HTC Desire 300 Review
Interface and Functionality
The Desire 300 runs on the somewhat dated Android 4.1.2 Jelly Bean platform with HTC’s own Sense 5.0 skin on top. This clean and modern iteration of Sense is familiar to smartphone afficionados as it’s been used in a bunch of phones by now, starting with the HTC One and down to HTC’s more affordable devices.
The key feature of the Sense skin are cleaner looks compared to older HTC user interfaces and the BlinkFeed news aggregator that brings together social updates and news in a Flipboard-like vertically scrolling list. You cannot disable it, but you can put it in the right-most home panel so it does not stand in the way, if you don’t like it.
Apart from BlinkFeed, HTC Sense is characterized by its charcoal color scheme that is not as bold and cartoonish as say Samsung and LG’s skins. In terms of actual functionality, it’s a mixed bag. We don’t like that oft-used functions tend to get buried down in menus and simple actions like adding a shortcut to your homescreen or adjusting the screen brightness are unnecessarily complicated.
On the flipside of things, most core apps like the dialer and messenger look good. HTC’s contacts app allows you to conveniently swipe between tabs. The keyboard is great - after mixed feelings initially, we’ve come to love it for its large and spacious keys that provide for an awesome typing experience.
Processor and Memory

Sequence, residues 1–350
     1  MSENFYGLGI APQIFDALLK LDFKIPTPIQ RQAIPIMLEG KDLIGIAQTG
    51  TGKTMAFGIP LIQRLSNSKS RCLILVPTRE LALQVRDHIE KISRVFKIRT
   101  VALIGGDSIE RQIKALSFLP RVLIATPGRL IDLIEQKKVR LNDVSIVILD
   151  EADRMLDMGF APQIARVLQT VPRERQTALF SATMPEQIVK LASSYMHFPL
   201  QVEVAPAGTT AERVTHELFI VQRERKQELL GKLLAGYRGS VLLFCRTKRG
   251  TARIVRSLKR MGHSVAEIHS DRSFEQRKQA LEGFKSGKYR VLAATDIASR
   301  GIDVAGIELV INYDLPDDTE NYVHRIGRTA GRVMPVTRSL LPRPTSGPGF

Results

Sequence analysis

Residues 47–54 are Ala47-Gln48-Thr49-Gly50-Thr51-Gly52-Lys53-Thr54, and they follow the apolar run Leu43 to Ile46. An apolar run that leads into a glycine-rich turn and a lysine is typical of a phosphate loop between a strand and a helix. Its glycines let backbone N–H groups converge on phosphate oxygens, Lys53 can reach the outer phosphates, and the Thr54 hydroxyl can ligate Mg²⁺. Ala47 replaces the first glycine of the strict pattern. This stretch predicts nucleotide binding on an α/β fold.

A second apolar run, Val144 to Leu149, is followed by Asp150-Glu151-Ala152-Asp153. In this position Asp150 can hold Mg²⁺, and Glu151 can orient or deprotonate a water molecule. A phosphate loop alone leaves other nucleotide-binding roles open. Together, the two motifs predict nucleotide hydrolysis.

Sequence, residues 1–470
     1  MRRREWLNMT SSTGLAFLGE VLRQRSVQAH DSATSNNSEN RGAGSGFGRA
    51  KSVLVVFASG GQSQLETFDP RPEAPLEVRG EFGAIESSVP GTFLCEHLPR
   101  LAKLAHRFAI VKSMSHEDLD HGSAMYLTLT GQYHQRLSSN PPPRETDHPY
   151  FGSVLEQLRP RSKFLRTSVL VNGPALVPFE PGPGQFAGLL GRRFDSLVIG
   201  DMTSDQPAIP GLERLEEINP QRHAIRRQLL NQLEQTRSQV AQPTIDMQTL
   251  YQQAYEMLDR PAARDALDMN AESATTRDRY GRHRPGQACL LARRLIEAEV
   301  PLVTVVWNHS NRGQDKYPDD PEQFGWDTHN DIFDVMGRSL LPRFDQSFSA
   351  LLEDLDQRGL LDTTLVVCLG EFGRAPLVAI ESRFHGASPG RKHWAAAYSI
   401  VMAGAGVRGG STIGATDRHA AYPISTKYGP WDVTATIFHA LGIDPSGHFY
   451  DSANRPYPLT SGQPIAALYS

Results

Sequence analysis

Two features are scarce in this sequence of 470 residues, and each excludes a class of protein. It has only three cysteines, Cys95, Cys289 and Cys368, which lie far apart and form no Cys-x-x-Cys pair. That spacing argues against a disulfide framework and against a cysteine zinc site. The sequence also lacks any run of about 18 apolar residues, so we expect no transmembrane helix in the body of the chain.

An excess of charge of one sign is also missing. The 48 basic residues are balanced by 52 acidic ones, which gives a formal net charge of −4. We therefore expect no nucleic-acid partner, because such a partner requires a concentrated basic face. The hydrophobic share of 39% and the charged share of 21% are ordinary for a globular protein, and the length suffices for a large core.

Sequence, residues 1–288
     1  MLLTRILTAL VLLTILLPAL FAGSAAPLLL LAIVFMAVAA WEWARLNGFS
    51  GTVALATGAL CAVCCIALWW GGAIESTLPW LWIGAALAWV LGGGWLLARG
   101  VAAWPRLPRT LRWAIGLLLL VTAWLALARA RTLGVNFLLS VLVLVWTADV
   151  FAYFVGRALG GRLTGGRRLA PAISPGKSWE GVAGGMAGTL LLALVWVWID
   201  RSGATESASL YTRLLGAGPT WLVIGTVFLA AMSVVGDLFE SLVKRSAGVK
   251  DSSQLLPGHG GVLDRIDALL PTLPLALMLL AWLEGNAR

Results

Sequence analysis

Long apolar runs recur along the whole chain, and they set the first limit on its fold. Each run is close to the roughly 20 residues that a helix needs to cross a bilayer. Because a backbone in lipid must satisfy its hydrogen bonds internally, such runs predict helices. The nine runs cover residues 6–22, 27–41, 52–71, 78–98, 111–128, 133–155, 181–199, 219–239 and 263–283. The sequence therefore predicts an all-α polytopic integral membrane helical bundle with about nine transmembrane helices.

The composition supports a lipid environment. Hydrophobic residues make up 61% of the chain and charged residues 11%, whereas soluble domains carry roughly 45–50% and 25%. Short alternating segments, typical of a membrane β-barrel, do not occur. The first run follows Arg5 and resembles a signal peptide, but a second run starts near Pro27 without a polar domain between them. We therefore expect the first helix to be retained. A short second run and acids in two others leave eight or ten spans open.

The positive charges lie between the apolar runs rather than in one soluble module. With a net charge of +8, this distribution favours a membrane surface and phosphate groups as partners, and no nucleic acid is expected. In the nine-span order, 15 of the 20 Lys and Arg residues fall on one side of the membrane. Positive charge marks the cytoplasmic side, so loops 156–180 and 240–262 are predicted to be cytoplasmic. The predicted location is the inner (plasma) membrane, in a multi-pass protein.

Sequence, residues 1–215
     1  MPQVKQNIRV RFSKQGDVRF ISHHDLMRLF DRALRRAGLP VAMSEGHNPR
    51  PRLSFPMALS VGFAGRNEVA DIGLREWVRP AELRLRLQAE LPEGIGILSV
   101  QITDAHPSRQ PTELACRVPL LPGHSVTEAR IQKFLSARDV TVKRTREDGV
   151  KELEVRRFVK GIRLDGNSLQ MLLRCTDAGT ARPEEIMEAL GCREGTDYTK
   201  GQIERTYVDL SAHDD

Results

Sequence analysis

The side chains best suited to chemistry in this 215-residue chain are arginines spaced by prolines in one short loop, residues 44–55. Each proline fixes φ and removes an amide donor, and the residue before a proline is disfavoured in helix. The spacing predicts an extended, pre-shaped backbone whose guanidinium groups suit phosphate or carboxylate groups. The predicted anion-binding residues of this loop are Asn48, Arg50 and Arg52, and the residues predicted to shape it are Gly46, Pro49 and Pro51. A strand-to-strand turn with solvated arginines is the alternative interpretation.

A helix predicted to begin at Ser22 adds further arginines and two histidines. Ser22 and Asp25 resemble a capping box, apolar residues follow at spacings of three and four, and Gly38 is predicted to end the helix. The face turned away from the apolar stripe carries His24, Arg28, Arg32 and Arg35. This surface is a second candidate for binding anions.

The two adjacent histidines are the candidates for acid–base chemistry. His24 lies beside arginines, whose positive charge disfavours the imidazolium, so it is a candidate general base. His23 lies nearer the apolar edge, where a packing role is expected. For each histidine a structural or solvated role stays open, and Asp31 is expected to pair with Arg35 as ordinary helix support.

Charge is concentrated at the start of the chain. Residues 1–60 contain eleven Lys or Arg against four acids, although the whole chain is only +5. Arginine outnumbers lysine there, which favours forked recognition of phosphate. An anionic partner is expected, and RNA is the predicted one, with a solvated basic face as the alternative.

Performance is where the so far nearly picture-perfect Desire 300 image starts to fall apart. The handset feels underpowered from the get-go - a stutter appears quite often when you navigate around and some core apps often lag or take a long time to open.
The reason for this lies under the hood. The Desire 300 runs on the most basic Snapdragon S4 chip, the MSM8225. It’s a dual-core 1GHz chip, but unlike most other S4s it is build on an older and less efficient, 45nm technology and is based on the dated ARM Cortex A5 architecture. It’s a chip that became available in the first half of last year and in late 2013 it definitely feels slow. The fact that the handset packs merely 512MB of RAM on board does not help either.
In terms of graphics, you get Adreno 203 and this will be enough to get less demanding yet still popular games to run. Temple Run 2 and other endless runners for instance would work with a slight stutter, but playable.
We ran our usual suite of synthetic benchmarks and here are the results we got, as you might have guessed they are not very awe-inspiring.
Another big gripe with this handset is the low amount of storage on board. The Desire 300 comes with 4GB of internal storage, but the user available space is below 2 gigs. That is definitely insufficient. Luckily, storage is expandable and you can add up to 32GB more via microSD card.
Internet and Connectivity
HTC has equipped the Desire 300 with both its own browser and Google’s mobile Chrome for accessing the web. We like both solutions - HTC’s browser feels just a bit richer in options, but has a clunkier user interface, while Chrome is clean, simple and speedy with a brilliantly optimized mobile UI. You can feel a slight stutter in browsing on both, especially when scrolling around, but nothing terrible.
The Desire 300 does not support 4G LTE connectivity and is instead limited to 3G. Downlink speeds max out the fairly low 7.2Mbps, and you may feel this if you stream a lot of videos or download larger files to the device.
Other connectivity options include Bluetooth 4.0, Wi-Fi b/g/n and GPS, but fancy stuff like NFC is missing.